One of the first things we do when we talk to people, when we actually “see” someone is when we can look into their eyes yet when it comes to people with disabilities, whether it is because they are in a wheel chair or happen to walk differently than us or can’t speak; what ever the case may be, we have a hard time looking them in the eye.
We choose to focus on “their problem” which in turn is really our problem. We have been conditioned to not look, don’t stare because it’s rude so we have become immune to disabilities, and sadly immune to the people.
I met with Gretchen Dubie of Full Access and Margaret Thiesen of Oregon Supported Living Program (OSLP) to talk about the Look Me In The Eye campaign they started together 4 years ago. There was pride and there was emotion as we talked about the two organizations coming together and why they formed Look Me In The Eye.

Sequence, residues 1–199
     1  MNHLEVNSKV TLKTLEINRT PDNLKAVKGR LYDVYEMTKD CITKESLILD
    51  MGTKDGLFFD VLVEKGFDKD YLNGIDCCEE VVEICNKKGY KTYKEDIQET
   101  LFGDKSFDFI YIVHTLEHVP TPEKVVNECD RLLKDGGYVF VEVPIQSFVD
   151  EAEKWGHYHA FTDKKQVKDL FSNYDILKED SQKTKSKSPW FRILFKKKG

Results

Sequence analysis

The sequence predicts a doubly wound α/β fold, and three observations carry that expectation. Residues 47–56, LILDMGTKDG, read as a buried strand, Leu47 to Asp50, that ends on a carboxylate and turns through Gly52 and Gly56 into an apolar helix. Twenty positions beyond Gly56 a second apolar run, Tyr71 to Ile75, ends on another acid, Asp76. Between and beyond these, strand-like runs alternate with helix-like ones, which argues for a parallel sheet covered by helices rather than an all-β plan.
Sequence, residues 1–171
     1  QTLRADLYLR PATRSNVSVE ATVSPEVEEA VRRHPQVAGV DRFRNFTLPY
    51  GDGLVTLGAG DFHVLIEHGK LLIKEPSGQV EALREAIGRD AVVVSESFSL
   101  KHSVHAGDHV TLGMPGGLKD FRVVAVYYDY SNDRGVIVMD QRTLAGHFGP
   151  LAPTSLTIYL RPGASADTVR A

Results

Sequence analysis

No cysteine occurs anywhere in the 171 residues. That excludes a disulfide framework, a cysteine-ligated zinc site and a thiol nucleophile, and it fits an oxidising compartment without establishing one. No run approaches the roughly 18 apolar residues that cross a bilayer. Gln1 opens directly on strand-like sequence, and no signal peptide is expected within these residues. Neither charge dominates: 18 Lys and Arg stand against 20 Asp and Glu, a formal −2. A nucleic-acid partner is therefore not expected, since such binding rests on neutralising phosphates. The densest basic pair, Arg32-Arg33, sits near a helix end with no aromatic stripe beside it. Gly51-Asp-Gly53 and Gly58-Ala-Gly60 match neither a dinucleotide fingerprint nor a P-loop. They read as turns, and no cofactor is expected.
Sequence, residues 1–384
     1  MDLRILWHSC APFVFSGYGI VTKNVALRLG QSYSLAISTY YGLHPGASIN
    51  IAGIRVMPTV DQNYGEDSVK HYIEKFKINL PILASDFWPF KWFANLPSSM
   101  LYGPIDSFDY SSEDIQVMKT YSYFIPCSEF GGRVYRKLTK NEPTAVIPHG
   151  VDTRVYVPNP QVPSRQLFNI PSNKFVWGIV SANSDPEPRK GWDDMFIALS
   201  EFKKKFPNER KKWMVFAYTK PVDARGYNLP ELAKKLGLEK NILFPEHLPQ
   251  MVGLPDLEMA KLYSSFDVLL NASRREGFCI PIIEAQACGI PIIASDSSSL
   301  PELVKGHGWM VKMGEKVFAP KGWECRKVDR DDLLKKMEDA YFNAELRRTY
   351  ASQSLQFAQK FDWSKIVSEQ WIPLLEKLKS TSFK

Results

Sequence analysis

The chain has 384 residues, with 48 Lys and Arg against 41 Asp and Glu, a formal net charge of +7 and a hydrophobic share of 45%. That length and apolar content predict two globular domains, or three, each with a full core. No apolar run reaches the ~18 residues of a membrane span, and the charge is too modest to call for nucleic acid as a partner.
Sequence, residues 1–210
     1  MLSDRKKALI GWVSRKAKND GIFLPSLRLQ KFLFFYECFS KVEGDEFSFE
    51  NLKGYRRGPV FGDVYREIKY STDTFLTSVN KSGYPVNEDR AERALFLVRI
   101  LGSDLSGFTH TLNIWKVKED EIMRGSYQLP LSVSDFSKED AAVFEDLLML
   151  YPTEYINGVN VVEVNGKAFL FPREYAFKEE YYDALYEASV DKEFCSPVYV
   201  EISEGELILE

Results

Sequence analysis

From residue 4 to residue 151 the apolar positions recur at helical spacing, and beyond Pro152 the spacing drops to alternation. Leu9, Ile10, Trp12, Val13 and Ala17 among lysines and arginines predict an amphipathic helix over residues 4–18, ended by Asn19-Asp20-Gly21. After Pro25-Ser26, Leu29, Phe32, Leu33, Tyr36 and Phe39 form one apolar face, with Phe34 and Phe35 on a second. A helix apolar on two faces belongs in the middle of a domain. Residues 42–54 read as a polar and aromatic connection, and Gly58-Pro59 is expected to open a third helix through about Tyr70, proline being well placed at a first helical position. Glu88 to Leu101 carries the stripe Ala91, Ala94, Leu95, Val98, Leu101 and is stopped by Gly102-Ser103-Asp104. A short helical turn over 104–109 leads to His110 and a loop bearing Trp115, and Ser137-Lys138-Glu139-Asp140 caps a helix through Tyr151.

Full Access is one of 12 brokerages located in Oregon and was founded in 2001. A result of the Staley settlement that came from a class action lawsuit filed on behalf of 5 individuals with developmental disabilities along with their families against the State of Oregon. The suit was filed because they were eligible for support services, yet were not recieving them. They were on a “waiting list” along with approximately 4000 other Oregonians with disabilities who were eligible yet not receiving services that could help them in their daily lives. One individual had been waiting an astounding 17 years.
Once the suit was settled on September 11, 2000; Oregon determined the best way for the money to reach individuals in need was to create brokerages and this is how Full Access came to be. Brokerages are private organization that provide quality services to individuals. They offer their support in finding the appropriate avenues for people who qualify for benefits to go through in order to get what they need to ensure they receive the best individualized plan.
The Staley settlement awarded 37 million dollars in funds to be available for individuals with need.